Caring What Other People Think

flowers

How would your life be different if you didn’t care what other people thought? How might your relationship, your job, and your day-to-day functioning be different if you weren’t weighed down by others’ opinions? How might you peel and crack out of the shells of your insecurity and arrive more closely at the essence of who you are if you weren’t worried about others’ judgement? What would happen if you made decisions based on the inviolable knowledge of your intrinsic worthiness instead of based on the constantly moving target of external approval?

Caring what other people think is a common theme that shows up in my work, and it appears in a variety of ways both for those in a relationship and those who are single. For those in a relationship, especially those suffering from relationship anxiety, it most commonly shows up as caring what other people think of one’s … Click here to continue reading...

The Scariest Thing We Do

Every day that I work with clients struggling with relationship anxiety I find myself saying some version of, “Of course you’re scared. Loving is the scariest thing we do.” As I’ve written about several times on this blog, fear doesn’t always present as fear but instead shows up as irritation, annoyance, numbness, ambivalence, lack of attraction, and doubt. It’s a convoluted defense mechanism, the ego’s attempt to circumvent being left or rejected by convincing you that you don’t love or even like your partner anyway, but in the end these are all manifestations of fear.

And the client almost invariably asks, “But why is love so scary?” It’s scary because we’ve been hurt by love. It’s scary because underneath the projections (“He’s not intellectual enough”, “She’s not attractive enough”) lives the belief that you’re not enough in some way. It’s scary because when we love another person we’re handing them … Click here to continue reading...

The Tumultuous Twenties

*Note: If you’re past your twenties, I invite you to share your thoughts and insights in the comments section about what helped you get through that decade, what you learned, and what wisdom you can import to those still struggling through that difficult decade.

***

“Recently, I met a women in her early twenties who was deeply depressed. Looking at her, I saw myself fifteen or twenty years ago. I recognized every desperate feeling, every horrified thought. I asked her why she felt so sad. She told me she felt misunderstood by her father, who didn’t’ want to pay for her therapy or for her to move to another city. She said she was trying to make her way through the world but kept falling down. She couldn’t stay with any career for very long; she felt fat; she felt inadequate; she felt embarrassed and kept thinking that other people … Click here to continue reading...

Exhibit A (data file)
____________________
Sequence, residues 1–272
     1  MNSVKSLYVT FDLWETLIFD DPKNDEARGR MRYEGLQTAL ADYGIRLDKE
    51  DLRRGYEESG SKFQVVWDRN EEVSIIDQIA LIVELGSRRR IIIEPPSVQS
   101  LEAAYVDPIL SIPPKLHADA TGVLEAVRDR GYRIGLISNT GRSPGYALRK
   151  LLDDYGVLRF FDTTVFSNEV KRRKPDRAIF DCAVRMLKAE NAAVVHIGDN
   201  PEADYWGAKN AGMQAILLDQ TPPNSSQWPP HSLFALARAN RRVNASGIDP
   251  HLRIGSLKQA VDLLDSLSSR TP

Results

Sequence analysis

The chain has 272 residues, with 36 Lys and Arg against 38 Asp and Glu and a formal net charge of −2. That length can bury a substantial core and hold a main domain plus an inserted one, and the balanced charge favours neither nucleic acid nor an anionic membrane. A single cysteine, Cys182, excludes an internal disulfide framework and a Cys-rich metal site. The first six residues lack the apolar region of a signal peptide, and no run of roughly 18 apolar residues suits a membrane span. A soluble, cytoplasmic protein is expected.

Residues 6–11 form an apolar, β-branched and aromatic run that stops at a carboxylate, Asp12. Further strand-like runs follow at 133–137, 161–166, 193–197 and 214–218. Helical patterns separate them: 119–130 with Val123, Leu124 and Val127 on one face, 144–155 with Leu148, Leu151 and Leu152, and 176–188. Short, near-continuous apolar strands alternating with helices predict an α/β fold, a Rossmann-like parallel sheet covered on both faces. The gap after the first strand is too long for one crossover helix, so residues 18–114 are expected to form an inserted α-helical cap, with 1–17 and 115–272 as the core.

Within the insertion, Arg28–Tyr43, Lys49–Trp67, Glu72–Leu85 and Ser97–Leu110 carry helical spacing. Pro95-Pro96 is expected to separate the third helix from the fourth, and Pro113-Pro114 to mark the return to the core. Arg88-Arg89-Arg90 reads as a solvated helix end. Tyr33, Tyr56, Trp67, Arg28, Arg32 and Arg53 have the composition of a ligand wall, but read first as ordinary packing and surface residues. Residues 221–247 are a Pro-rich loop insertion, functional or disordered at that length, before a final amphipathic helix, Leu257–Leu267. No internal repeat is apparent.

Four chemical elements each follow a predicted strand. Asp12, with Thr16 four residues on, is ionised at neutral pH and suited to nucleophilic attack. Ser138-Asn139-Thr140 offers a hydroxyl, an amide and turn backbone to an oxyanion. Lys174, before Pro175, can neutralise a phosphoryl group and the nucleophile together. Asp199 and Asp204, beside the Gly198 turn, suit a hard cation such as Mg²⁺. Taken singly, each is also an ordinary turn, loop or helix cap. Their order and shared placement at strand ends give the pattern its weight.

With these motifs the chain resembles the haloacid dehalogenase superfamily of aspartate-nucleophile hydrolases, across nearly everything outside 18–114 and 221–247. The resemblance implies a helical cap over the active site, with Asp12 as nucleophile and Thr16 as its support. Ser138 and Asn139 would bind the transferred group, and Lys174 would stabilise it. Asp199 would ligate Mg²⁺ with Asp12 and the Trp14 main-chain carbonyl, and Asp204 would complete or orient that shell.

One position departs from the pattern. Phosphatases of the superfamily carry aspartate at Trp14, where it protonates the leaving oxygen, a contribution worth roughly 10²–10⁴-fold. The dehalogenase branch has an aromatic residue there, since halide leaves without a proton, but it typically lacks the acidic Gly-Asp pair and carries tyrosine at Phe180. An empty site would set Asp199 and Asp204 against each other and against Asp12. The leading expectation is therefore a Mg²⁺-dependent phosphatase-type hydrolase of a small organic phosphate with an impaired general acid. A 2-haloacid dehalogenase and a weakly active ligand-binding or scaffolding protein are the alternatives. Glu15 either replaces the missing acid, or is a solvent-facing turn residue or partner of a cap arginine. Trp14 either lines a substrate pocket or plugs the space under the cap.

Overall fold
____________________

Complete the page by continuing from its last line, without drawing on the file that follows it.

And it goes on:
The Cracks are How the Light Comes In

When discussing the concept that a root cause of relationship anxiety is the fear of being hurt by love, course members and coaching clients will often say, “I had a good childhood with loving parents. Why would I be so scared of love?” I’ve written other posts about how essential it is to peel the veil of perfection or idealism off of our parents or childhood if we’re going to heal, for there can be no doubt that, because we’re imperfect humans, there will always be places where our parents missed the mark, times when they didn’t attune, and incidences where they failed to honor our sensitivity or teach us how to feel our feelings. Very few parents of older generations possessed the emotional intelligence to raise emotionally intelligent children. It wasn’t their fault; they simply didn’t have the healing tools at their disposal that we do today. The fact … Click here to continue reading...

Entering Midlife: A Personal Post

Dear Readers: In the early days of this blog, I would share more frequently about my personal life, specifically around raising my children. As the blog evolved and my audience grew, I felt more private about sharing my day-to-day experiences, and also felt a need to protect my sons’ privacy. But now, as I’m entering midlife, I feel called to share a bit about what’s happening in my inner world. This is my next transition, and it’s a big one and a long one. When I turned 43, I felt like I had walked through a portal, much like I felt when I got married and became a mother. Something inside me was turning upside down, and, as always, I needed to write about it in order to make sense of it. 

Everything I’ve learned over the past two decades about transitions is buoying me as I walk through this … Click here to continue reading...